Fatwa panel allows controversial ESQ programmes
UPDATED @ 12:07:13 PM 14-07-2010
By Boo Su-Lyn
July 14, 2010
PUTRAJAYA, July 14 — The National Fatwa Council has approved the Emotional Spiritual Quotient (ESQ) leadership training subject to certain conditions, contradicting the Federal Territories Mufti’s June 10 “fatwa” or religious edict banning the course.
National Fatwa Council chairman Tan Sri Dr Abdul Shukor Husin said their decision was made in a muzakarah last June 16, after research from a panel set up by the Department of Islamic Development Malaysia (Jakim) and explanation from the company, which was founded by Indonesian cleric and motivator Ary Ginanjar Agustian.
“The ESQ leadership training can be conducted in Malaysia with full supervision by the Syariah panel appointed by the ESQ,” Abdul Shukor told reporters today.
“This is because the muzakarah is satisfied that most of the elements of doubt in the ESQ leadership training course can be rectified,” he added.
Abdul Shukor stressed that the company’s syariah panel was responsible to monitor the contents of the ESQ training course and to report any future contradictions against Islamic teachings.
The ESQ syariah panel is headed by Datuk Mustafa Abd. Rahman (a former Jakim director-general) with Datuk as-Sheikh Nooh Gadut (Johor Religious Council advisor), Datuk Paduka Sheikh Hasbullah Abdul Halim (former Kedah Mufti), Tan Sri Kadir Talib (former Wilayah Persekutuan Mufti) and Dr Adnan Yusof (Dean of the al-Quran and Sunnah faculty in the Islamic Science University of Malaysia).
“Most of them do not have any vested interests in religious councils or ESQ matters,” the National Fatwa Council chairman added.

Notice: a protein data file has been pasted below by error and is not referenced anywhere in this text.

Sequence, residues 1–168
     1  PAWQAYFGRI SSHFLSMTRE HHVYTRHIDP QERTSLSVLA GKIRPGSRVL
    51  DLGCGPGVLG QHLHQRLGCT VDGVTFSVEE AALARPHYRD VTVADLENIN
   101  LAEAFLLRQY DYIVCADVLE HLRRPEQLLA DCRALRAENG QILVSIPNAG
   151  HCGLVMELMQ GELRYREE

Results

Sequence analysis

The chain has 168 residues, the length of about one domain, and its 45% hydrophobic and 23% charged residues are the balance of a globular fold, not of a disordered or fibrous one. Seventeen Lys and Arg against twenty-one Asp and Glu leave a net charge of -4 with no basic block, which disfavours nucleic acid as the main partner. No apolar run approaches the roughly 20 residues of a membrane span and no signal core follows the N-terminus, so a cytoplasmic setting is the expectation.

The ESQ leadership training has sparked disagreements between muftis or chief cleric on its adherence to Islamic teachings.
Federal Territories Mufti Datuk Zahidi Wan Teh issued a “fatwa” banning ESQ on the grounds that its training breached Islamic teachings and “supports liberalism by making free interpretation of the Quran and [supports the concept of] pluralism in religions, which says that all religions are the same and true”.
However, Perak Mufti Tan Sri Harussani Zakaria and former Johor Mufti Datuk Nooh Gadot have defended the programme, with the former saying that the ESQ courses had nothing to do with liberalism or pluralism.
The ESQ leadership centre established in Malaysia in 2006 is a personal development programme integrating the use of intellectual quotient, emotional quotient and spiritual quotient based on Islamic teaching.
When asked if all states except the Federal Territories now accepted the ESQ leadership course, Abdul Shukor said, “Yes.”
“Eight muftis who are members of the Muzakarah also attended the ESQ programmes,” said Abdul Shukor, naming Perak, Penang, Negeri Sembilan, Johor, Pahang and Sarawak muftis among the participants.
The National Fatwa Council chairman added that several Indonesian ulamas and Muslim organisations confirmed that the ESQ course did not contradict Islamic teachings.
“In Wilayah (Persekutuan), the ESQ is not allowed because of the gazette against it,” said Abdul Shukor.
“That is the right of the Wilayah Persekutuan mufti and we respect his decision,” he added.
Abdul Shukor said that the council’s decision to approve the ESQ course was not legally binding and that it was up to the states to accept or reject it.
However, he reminded state muftis to consult each other before issuing religious edicts if the issue concerned was of national interest.
“If the issue concerns national interest, the opinion of the muzakarah needs to be consulted before the state issues a ‘fatwa’,” said Abdul Shukor.
“And this (ESQ leadership course) is a national issue,” he added.
Source: The Malaysian Insider